Benjamin Wardell/The Nexus Project: It’s Complicated

Benjamin Wardell and Michel Cintra.

It starts with two men working with 12 different choreographers separately, then they take the material and remix it. In the meantime, funds need to be raised, a venue found and confirmed and the final product created. Much like the mind behind The Nexus Project – it’s complicated. Benjamin Wardell is not new to the Chicago dance world. He danced with Hubbard Street Dance Chicago for four seasons in a wide range of works by Nacho Duato, Alonzo King and many by resident choreographer Alejandro Cerrudo, among others. After he left Hubbard Street, most thought he’d retired from dance and/or moved away. Lucky for us, he didn’t.

Before coming to Chicago, the Memphis-native danced for the Cincinnati Ballet and Alonzo King’s LINES Ballet. Now a freelance dancer (a touring stint with Azure Barton and Artists and currently with Lucky Plush Productions), he’s also teaching at Extensions Dance Center, Visceral Dance Center and occasionally at Lou Conte Dance Center. He’s the official videographer for Luna Negra Dance Theater and River North Dance Chicago as well as a freelance photographer. He also does repetiteur work setting piece from the Hubbard Street rep around the country and is in charge of the company’s summer intensive program in Iowa. “I’m all over the place,” he said. “For me, that’s great. My brain is in 20 places at once. Whenever I would get into a company, I would eventually feel compressed by the lack of variety. Even just going in the same building every day. Now, I’m in so may place that I stay calm to make sure I don’t forget anything. That lifestyle works better for my internal make-up.”  For the upcoming project he’s teaming up with dancer Michel Rodriguez Cintro (of Hedwig Dances) and a dozen local choreographers for an exciting and ambitious project tentatively scheduled to premiere later this fall.

RB sat down with Wardell earlier this year to talk about his career, past and present.

Hubbard Street is currently in collaboration with Alonzo King/LINES Ballet. You’ve previously said that working with Alonzo for a long period of time is transformative and that it changes the way you dance. Is it also emotionally taxing?

Yes. He pushes really hard. The work is not particularly emotive, but it’s emotionally taxing because you’re always pushing really hard. He expects you to always be generating thought. In a way, your creativity with your movement maxes out, because he always wants it to be different every time and you perform the same piece like 130 times, but if you do it the same 2 or 3 times, he’ll call you out on it. “You need to explore that section of movement in a different way.” Part of the transformation was how to get creative doing the same movements and embracing the constant change. One of the good things is it prevents that subtle death of the choreography where it starts to look comfortable.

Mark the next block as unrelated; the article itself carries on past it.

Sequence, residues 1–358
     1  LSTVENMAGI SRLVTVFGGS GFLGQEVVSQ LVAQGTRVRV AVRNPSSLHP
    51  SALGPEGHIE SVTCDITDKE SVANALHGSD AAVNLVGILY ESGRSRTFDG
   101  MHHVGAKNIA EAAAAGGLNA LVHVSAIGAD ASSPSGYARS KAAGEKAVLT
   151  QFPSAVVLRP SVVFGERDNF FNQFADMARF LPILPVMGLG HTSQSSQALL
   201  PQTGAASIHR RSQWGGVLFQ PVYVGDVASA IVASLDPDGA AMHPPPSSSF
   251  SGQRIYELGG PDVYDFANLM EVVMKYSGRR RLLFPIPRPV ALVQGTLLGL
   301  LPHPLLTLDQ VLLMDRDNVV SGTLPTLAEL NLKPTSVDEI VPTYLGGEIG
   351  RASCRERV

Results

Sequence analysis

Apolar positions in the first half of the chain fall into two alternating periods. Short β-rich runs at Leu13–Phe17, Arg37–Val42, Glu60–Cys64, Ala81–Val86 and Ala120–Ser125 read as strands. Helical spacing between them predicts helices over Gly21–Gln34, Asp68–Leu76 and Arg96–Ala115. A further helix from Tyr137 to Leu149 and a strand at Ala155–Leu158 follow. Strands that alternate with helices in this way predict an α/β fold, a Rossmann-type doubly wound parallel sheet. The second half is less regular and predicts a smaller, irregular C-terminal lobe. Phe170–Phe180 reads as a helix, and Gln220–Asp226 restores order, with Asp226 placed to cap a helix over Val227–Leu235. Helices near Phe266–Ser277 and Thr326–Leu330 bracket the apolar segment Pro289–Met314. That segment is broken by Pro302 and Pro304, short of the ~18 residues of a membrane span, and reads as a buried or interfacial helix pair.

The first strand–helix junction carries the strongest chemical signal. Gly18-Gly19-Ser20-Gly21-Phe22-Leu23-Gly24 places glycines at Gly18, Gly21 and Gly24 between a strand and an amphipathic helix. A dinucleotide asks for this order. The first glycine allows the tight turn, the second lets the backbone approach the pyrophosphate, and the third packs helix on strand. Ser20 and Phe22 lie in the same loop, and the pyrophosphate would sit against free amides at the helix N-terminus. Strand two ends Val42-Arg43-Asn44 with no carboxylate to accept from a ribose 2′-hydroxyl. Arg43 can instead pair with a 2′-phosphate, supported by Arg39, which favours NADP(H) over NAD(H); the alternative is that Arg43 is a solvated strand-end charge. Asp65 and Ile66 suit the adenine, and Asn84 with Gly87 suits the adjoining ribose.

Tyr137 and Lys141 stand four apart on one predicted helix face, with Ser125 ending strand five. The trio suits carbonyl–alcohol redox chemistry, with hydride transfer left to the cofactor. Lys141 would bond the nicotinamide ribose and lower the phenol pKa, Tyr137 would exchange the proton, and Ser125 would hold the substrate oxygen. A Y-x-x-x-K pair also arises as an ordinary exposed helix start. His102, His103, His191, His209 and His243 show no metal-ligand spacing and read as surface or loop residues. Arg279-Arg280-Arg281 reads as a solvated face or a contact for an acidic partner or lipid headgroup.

When you decided to leave Hubbard Street, what was going through your head?

I started to realize I wasn’t built for companies. It’s becoming easier to freelance and the sound of being in control of what I was doing was appealing. I thought it was pliable for me to do. I got to the point where I’d achieved all my institutional goals. At this point, I’d rather make something new that’s a “swing and a miss” than do a masterpiece that was made for someone else. I found myself at this place where I wanted to be generating stuff rather than learning choreography. That combined with I was getting into video and photo work and wanted to explore those avenues. I needed to be on my own in a way that I could do a lot of things. I had a vague thought about wanting to produce work, but that was the least part of my original plans. 

Why did you call the new project The Nexus Project?

I’d been calling it the “Two Man Show” since it’s inception, but I though that was a little generic for product packaging. I talked to a friend of mine that does marketing and he said I should have an overarching name. “The Nexus Project” was the first thing I came up with. The idea for the project, having all the choreographers and an open rehearsal process for the second half, is that the two of us, rather than being in a bubble, are the crossing point for all the spokes.

How did you pick Michel?

He choreographed for The A.W.A.R.D.S. Show and I was like “who the fuck is this guy and how have I lived here for two years and not know him?” I saw Chino (Michel’s nickname) dance and was shocked that he would be in this city and I had no idea. So I introduced myself. I need to find another guy that I can share the stage with for an hour and be on even ground with and who is available to do the amount of rehearsals needed. That list was short, because of all the demands.

How did you pick the choreographers (*listed below)?